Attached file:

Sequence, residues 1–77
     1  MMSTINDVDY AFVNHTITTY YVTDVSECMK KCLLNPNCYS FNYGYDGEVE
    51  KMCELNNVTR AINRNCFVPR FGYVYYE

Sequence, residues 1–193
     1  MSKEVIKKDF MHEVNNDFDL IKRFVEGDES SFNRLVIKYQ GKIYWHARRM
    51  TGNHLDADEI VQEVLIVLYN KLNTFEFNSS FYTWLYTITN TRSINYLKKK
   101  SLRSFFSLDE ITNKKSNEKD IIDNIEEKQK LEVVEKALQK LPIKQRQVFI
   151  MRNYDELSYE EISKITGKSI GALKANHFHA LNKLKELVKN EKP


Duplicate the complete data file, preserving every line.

Sequence, residues 1–77
     1  MMSTINDVDY AFVNHTITTY YVTDVSECMK KCLLNPNCYS FNYGYDGEVE
    51  KMCELNNVTR AINRNCFVPR FGYVYYE

Sequence, residues 1–193
     1  MSKEVIKKDF MHEVNNDFDL IKRFVEGDES SFNRLVIKYQ GKIYWHARRM
    51  TGNHLDADEI VQEVLIVLYN KLNTFEFNSS FYTWLYTITN TRSINYLKKK
   101  SLRSFFSLDE ITNKKSNEKD IIDNIEEKQK LEVVEKALQK LPIKQRQVFI
   151  MRNYDELSYE EISKITGKSI GALKANHFHA LNKLKELVKN EKP